On Oct. 3, the Chicago Sun-Times invited the candidates for state comptroller to speak with the editorial board as part of its endorsement process. Watch the video above to find out why Libertarian Claire Ball is running for the office.
The Sun-Times sent the nominees for Illinois comptroller a list of questions to find out their views on a range of important issues facing the state of Illinois. Ball submitted the following responses:
The job of state comptroller involves more than writing checks. How would you keep fellow elected officials and the public informed about the level of state debt? What would you do to encourage the state to make responsible financial decisions?
Ball: The Comptroller is responsible for payment authorization and financial reporting for the state, the essence of an accounting department. In Illinois, the annual financial reports are released late every year, as many as 259 days beyond the due date in one instance. This keeps the citizens in the dark about the spending of their state, as well as those evaluating Illinois for credit rating or bond debt purposes. As Comptroller, I will release the financial reports on time, which would also benefit annual budget discussions.
Coupled with that, I will report to the people quarterly on state finances with reports showing budgeted versus actual expenditures to provide some insight and accountability that our state is meeting budgets, and call out instances where they are not. This would also serve to encourage responsible financial decisions; to spotlight poor spending and bad financial management when they are still in a position to make changes (as opposed to after the year is over and done with) will drive better results. I will also analyze local municipalities’ finances and publish resulting reports that show current financial trends and areas that can be improved.
Who is Claire Ball?
She’s running for: Illinois comptroller
Her political/civic background: Claire first ran for political office in 2015 for trustee at College of DuPage. She didn’t win, but the three who did win liked her so much, she was appointed to the budget committee for the following two years, and only turned down a third year to focus on her 2018 run. She also ran for IL Comptroller in 2016.
Her occupation: Senior Accountant for the Noble Network of Charter Schools in Chicago. She is a Certified Public Accountant (CPA). She has been working professionally as an accountant for over 12 years, previously working for US Cellular, and First Industrial commercial properties here in Chicago.
Her education: Bachelors and Masters Degree in Accounting and Finance from DeVry University and Keller School of Management, respectively.
Campaign website: ClaireBallForIllinois.com
What would be your top three priorities?
Ball: As an accountant, it is difficult to gauge my top three priorities only. Illinois finances need major attention from the inside out. But if I must, my first priority will be to get the financial reports out on time and establish quarterly budget-to-actual reports, which will provide real transparency and accountability to state finances. My second priority will be to analyze local municipality finances, to identify and investigate questionable spending, and to be a resource for government finance as many of the local levels do not understand the reporting requirements for the state. My third priority will be to identify areas of the Comptroller’s budget that can be reduced or eliminated, including working with the Treasurer to combine office functions and reduce spending even more.
Our state now has a budget, but it continues to struggle with an $8 billion backlog of unpaid bills. How would you prioritize which bills get paid first?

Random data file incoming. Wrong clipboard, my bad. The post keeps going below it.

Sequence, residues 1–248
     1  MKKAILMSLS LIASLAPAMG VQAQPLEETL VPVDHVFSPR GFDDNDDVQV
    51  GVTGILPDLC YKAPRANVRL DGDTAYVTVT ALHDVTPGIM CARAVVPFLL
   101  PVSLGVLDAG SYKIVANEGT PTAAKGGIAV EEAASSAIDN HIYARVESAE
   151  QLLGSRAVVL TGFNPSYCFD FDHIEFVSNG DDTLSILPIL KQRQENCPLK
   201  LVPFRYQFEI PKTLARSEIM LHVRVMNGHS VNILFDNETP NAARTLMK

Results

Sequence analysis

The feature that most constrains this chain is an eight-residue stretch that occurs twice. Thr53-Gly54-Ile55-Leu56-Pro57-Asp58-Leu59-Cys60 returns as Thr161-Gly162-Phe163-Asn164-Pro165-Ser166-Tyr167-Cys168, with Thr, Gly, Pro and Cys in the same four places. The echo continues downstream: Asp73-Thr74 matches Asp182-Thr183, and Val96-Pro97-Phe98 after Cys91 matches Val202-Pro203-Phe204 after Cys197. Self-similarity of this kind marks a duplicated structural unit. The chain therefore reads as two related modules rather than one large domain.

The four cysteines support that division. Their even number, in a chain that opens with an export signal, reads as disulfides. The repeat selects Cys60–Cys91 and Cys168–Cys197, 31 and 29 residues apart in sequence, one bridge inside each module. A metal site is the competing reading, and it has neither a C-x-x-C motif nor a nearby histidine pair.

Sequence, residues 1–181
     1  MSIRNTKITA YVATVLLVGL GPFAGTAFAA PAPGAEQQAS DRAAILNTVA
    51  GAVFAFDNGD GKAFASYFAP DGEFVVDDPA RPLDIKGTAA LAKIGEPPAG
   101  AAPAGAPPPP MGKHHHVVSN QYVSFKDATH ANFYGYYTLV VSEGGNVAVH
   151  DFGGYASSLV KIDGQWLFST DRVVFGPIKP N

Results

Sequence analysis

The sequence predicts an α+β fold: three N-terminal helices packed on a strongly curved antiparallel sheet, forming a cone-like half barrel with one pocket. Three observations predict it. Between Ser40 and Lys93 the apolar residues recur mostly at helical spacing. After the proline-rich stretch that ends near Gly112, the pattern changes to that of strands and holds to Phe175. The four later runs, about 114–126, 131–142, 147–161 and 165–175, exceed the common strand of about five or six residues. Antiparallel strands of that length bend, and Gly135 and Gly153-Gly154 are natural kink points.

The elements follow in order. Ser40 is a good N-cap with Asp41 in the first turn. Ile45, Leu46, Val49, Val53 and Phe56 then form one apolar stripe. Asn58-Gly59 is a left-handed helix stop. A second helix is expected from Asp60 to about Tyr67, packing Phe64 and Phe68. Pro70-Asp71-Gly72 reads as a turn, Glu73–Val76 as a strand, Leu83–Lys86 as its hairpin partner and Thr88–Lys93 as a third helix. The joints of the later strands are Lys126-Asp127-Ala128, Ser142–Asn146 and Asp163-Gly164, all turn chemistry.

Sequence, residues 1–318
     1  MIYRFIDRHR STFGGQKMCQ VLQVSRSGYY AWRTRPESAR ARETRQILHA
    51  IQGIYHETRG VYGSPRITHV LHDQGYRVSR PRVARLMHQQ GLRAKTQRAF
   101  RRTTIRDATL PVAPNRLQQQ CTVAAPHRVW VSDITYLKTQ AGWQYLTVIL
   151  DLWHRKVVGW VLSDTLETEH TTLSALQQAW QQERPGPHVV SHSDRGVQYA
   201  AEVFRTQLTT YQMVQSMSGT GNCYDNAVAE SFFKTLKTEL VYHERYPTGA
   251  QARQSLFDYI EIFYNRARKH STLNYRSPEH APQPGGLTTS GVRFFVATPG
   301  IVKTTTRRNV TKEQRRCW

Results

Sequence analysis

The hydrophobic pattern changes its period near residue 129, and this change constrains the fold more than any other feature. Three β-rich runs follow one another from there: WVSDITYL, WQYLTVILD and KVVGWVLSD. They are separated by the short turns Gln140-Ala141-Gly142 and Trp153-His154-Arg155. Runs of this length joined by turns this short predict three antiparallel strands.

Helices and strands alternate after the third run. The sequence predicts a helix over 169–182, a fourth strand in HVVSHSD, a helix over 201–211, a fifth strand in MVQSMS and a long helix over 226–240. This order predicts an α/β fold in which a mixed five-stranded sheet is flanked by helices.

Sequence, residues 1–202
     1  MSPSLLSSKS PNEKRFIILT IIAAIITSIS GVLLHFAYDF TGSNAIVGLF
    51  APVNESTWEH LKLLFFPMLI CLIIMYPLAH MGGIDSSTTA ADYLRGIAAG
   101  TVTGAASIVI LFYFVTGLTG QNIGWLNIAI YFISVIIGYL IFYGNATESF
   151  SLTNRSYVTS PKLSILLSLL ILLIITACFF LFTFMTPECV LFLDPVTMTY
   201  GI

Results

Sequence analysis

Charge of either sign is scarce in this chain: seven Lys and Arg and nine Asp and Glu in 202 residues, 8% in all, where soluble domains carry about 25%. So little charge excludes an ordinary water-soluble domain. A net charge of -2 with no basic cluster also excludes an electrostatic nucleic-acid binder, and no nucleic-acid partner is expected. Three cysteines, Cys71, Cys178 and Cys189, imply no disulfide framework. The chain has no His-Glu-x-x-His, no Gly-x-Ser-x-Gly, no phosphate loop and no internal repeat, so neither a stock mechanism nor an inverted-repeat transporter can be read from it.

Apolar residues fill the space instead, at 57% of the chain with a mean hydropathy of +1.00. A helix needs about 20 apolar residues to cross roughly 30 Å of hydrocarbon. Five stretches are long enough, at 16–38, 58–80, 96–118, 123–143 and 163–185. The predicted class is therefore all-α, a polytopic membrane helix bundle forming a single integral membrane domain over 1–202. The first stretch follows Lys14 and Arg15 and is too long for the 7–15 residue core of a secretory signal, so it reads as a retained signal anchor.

Ball: I would prioritize which bills get paid first by analyzing those with the greatest need and most limited resources to survive. This should not be a question; there should be clearly established criteria that detail the order of payment beyond mandatory and court-ordered payments. As Comptroller, I will establish a table of priority that details the order of vendor payment so everyone knows who will be paid and, most importantly, why. The top of the list should be social service providers, such as mental health facilities, veteran services and elderly care, because they rely most on funding from the state in order to operate, followed by small business owners because they do not have a large a pool of resources to rely on while waiting for payment. When there is a need to deviate from the table, it should and will be explained. This criteria will hold the Comptroller’s office accountable to the people and give those waiting to be paid a timeline to plan around. It is responsible, accountable, and common sense in our financially-strapped state.
Do you support a constitutional amendment to merge the state offices of treasurer and comptroller? Why or why not?
Ball: I do not support this, as merging the roles of Treasurer and Comptroller will eliminate an important financial check that Illinois needs to maintain. Accounting standards stress the importance of segregation of duties in certain areas in order to keep the risks of fraud to a minimum. In any good accounting system, the duties of authorization, recordkeeping, and custody of assets should always be held by separate people because giving any one person that level of authority makes it extremely easy to commit fraud and cover up their tracks.
In Illinois, the Comptroller is responsible for payment authorization and financial recordkeeping, while the Treasurer holds custody of financial assets, with the caveat that he/she is not allowed to take possession of any monies until the Comptroller has recorded them. This is an extremely valuable check on each office; Illinois already has a well-earned reputation of corrupt politicians, from governors down to local aldermen serving jail time, and should not be eliminated over the vague idea of saving money. I say vague, because there is no detail to back up the proposed $12 to $14 million dollars in savings and I will not advocate for removing a sound internal control without first verifying the numbers are correct. This is especially important in Illinois, the land of “balanced” unbalanced budgets. If this supposed savings is derived from the offices merging and sharing services and space, what is stopping them from making those changes now? Why do they need a constitutional amendment to share a printer?
Also, by eliminating one constitutionally elected office, you are eliminating a choice of the people in selecting who they want in charge. I doubt anyone believes that once combined, the remaining officer will handle the full responsibilities of both the Comptroller and Treasurer. They cannot, as the roles are very different, and they will most likely establish deputy level roles, which will be appointed. How will that do more than eliminate one elected office and replace it with several appointed ones? It won’t. I will advocate for keeping the office holders separate while blending the offices and sharing services in order to achieve cost savings without eliminating an important check in our government.